David Kessler (1860–1920) was a prominent actor in the first great era of Yiddish theater. As a star Yiddish dramatic performer in New York City, he was the first leading man in Yiddish theater to dispense with incidental music.
Born and raised in Chişinău (then part of Imperial Russia, now the capital of independent Moldova), as an adolescent he improvised chaotic amateur plays in the stable of his father's inn, using fragments of what he had seen in the performances of Broder singers. A medical student named Geller apparently wrote him a more structured play, Mechtze the Matchmaker, which he and his friends put on.
At 16, he tried out for Israel Rosenberg's theater troupe when they passed through town for a month. He was offered a position as an extra, but his father forbid him to go on the road. Three years later he joined a different small travelling troupe, and spent three years travelling through Europe with that troupe, first in Russia and then in Romania.
He moved to London in 1886, then immigrated to the United States in 1890, settling in New York City. In one of the first Yiddish-language productions of Shakespeare, he played the title role in Othello, opposite Jacob Adler's Iago. He was responsible for bringing Bertha Kalich to America.
American Yiddish Theatre
In New York Kessler resumed his career. In 1891 he acted under Jacob Adler in Jacob Gordin's first play "Siberia". Later he appeared in other Gordin plays, including "God, Man, and Devil". Others of his outstanding roles were in Sholem Asch's "God of Vengeance", David Pinski's "Yankel the Smith", and Leon Kobrin's "Yankel Boile".
In 1899 he was awarded the Thalia Theatre in a divorce settlement from his wife Jennie. Kessler's Thalia Theatre was located at 46-48 Bowery between Bayard and Canal Streets, across the street from the Windsor Theatre in Manhattan. He was listed as being the Lessee and Manager; Sigmund Mogulesko is the Regisseur and B. Young is the theatre manager.
The New York Times called him, "One of the leading Yiddish actors in the United States . . ."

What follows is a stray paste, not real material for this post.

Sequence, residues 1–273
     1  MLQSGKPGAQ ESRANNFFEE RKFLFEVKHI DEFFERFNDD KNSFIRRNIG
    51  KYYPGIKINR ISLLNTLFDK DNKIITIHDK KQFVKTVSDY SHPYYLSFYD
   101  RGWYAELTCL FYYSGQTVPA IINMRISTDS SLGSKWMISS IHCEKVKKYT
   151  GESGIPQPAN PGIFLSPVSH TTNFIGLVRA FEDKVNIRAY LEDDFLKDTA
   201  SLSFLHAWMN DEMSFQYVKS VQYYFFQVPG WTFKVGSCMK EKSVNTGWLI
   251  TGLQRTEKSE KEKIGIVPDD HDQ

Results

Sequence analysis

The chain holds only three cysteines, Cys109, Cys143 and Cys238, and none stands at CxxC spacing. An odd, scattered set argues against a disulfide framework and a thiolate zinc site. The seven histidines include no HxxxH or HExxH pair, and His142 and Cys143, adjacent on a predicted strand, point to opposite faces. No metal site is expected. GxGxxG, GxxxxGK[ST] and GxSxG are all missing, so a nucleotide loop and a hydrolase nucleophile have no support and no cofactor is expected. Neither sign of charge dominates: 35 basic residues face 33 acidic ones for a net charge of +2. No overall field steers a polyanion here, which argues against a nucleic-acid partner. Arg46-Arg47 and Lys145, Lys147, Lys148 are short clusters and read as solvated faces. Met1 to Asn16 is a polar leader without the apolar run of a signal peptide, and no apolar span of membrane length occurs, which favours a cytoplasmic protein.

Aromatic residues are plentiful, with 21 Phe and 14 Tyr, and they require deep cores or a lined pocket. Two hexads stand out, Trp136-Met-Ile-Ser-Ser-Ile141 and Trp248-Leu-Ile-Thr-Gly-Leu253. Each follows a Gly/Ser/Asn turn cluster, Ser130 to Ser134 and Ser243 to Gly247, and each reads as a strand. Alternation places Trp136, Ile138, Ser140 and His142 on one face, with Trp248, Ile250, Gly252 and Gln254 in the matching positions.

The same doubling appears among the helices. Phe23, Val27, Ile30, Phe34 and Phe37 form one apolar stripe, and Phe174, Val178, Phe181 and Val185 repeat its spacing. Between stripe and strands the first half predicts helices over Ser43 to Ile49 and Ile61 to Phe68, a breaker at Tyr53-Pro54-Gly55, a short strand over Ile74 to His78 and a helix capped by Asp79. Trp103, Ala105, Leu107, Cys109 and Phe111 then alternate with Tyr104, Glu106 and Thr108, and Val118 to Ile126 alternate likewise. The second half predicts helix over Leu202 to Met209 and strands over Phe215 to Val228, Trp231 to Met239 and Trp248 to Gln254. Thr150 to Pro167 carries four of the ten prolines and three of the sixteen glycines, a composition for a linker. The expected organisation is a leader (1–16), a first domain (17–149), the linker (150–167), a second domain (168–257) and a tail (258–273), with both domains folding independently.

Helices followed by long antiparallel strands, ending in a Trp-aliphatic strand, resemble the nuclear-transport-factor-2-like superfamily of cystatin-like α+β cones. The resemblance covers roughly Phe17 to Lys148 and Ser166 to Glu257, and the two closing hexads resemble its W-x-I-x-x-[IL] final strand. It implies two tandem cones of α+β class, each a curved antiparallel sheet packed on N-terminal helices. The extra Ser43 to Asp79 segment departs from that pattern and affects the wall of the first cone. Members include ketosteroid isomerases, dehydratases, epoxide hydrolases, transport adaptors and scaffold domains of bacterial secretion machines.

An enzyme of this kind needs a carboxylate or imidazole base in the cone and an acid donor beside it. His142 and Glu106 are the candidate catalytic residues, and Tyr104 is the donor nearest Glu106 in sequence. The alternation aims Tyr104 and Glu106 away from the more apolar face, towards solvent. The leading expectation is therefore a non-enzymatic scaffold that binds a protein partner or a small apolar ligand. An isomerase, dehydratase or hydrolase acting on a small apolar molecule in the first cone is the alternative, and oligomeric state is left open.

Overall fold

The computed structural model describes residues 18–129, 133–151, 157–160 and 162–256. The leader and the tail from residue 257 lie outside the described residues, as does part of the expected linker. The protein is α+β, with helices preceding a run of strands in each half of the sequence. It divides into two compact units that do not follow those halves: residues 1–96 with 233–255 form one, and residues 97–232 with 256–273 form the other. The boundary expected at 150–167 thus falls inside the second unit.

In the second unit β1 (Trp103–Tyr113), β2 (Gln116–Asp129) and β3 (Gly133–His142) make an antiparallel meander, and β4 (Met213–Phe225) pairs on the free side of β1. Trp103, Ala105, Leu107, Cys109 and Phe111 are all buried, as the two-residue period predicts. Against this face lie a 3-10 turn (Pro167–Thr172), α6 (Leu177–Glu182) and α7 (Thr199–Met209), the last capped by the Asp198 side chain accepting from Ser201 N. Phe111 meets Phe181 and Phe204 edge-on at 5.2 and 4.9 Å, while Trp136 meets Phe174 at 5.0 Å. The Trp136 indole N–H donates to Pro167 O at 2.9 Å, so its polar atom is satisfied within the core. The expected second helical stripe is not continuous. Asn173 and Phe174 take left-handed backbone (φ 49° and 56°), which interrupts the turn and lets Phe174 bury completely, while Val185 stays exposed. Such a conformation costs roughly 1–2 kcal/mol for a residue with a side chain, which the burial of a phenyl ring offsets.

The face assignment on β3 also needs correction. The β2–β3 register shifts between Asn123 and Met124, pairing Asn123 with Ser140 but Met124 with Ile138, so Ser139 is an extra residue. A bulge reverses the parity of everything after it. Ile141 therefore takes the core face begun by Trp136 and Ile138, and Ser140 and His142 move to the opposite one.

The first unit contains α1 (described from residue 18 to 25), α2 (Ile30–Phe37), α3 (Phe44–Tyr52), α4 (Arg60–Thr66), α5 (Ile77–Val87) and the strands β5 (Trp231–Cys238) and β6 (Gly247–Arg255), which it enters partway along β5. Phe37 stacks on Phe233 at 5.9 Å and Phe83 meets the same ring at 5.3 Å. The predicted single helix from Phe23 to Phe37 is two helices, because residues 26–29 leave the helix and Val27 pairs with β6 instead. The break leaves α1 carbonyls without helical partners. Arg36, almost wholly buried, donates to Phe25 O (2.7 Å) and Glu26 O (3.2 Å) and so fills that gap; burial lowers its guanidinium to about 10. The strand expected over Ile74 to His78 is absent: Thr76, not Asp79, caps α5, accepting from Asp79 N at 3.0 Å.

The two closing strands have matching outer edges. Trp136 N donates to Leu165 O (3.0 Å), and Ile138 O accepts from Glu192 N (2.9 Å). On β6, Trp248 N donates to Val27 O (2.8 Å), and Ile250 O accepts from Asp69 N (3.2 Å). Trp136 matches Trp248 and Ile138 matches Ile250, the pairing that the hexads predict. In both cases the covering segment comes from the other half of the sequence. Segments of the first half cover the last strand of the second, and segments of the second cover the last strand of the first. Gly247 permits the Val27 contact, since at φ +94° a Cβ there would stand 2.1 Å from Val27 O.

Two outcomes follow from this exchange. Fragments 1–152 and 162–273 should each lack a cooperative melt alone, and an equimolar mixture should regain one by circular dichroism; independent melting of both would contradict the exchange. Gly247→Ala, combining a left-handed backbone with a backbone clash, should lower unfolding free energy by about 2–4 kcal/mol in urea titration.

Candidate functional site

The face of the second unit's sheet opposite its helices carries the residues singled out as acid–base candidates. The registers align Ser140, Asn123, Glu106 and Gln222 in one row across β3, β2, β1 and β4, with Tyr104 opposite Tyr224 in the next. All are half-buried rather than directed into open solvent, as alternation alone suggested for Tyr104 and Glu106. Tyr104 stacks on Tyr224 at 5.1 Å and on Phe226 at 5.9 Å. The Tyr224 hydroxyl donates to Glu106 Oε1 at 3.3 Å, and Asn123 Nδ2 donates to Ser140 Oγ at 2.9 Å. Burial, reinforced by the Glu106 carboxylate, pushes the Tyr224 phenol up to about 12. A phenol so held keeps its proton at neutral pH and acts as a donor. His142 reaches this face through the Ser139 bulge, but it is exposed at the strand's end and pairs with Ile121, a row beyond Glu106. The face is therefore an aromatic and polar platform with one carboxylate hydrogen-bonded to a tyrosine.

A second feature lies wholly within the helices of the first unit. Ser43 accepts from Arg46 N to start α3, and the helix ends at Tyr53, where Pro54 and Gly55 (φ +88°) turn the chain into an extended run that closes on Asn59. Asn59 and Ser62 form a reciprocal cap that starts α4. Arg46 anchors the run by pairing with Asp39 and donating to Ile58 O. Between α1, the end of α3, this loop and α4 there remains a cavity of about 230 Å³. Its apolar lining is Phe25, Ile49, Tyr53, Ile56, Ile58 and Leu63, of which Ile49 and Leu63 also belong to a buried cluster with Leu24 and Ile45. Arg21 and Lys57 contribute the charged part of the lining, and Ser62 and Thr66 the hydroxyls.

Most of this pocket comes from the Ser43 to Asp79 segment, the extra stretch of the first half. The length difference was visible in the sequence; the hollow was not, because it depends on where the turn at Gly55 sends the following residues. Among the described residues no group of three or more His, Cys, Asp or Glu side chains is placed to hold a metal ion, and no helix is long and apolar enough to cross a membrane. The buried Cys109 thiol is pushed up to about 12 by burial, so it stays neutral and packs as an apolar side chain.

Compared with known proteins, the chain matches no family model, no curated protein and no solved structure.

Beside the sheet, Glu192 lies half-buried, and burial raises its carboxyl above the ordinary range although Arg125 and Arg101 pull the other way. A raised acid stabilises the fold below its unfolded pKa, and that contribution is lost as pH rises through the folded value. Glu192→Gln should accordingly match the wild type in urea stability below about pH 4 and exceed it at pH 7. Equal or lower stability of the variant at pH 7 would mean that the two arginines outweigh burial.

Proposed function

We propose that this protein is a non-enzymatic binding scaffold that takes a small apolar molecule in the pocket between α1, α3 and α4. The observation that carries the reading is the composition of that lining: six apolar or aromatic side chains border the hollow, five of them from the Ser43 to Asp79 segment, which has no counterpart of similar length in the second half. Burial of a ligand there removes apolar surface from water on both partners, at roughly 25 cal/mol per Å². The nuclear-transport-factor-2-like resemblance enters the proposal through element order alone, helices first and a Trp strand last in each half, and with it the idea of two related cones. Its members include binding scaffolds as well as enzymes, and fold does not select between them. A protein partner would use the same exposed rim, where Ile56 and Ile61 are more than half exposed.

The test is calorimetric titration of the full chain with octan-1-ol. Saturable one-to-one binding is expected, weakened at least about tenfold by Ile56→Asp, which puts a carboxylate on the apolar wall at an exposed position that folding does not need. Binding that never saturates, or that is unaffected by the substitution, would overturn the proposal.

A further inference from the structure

He was the manager of Kessler's Second Avenue Theatre.
His acting roles were many and varied.
He was married to Rachel (née Wilner) Kessler. She owned the "Wilner Full Dress Parlor" on the Lower East Side.
He became ill while on stage at the Lyric Theatre in Brooklyn, New York during his performance of Jacob Gordin's dramatization of Tolstoy's "The Kreutzer Sonata". He died on May 14, 1920, in Beth Israel Hospital from complications following an operation. He is buried in Washington Cemetery in Brooklyn, New York along with his wife Rachel Kessler.
- Leftwich, Joseph (2007). "David Kessler". In Berenbaum, Michael; Skolnik, Fred (eds.). Encyclopaedia Judaica (2nd ed.). Detroit: Macmillan Reference. ISBN 978-0-02-866097-4.
- "David Kessler Dies; Noted Yiddish Actor - Stricken While Acting Role in a Tolstoy Play, His Death Follows an Operation". The New York Times. May 15, 1920. p. 15. Retrieved 5 July 2016.
- David Kessler Divorce Suit The New York Times
- Museum of Family History
- Jewish Virtual Library
- Zalmen Zylbercweig, Leksikon fun Yidishn teater, Book four, p 3651
- Adler, Jacob (1999). A Life on the Stage: A Memoir, translated and with commentary by Lulla Rosenfeld. New York: Knopf. pp. 124–126 (commentary) & 275 (commentary). ISBN 0-679-41351-0.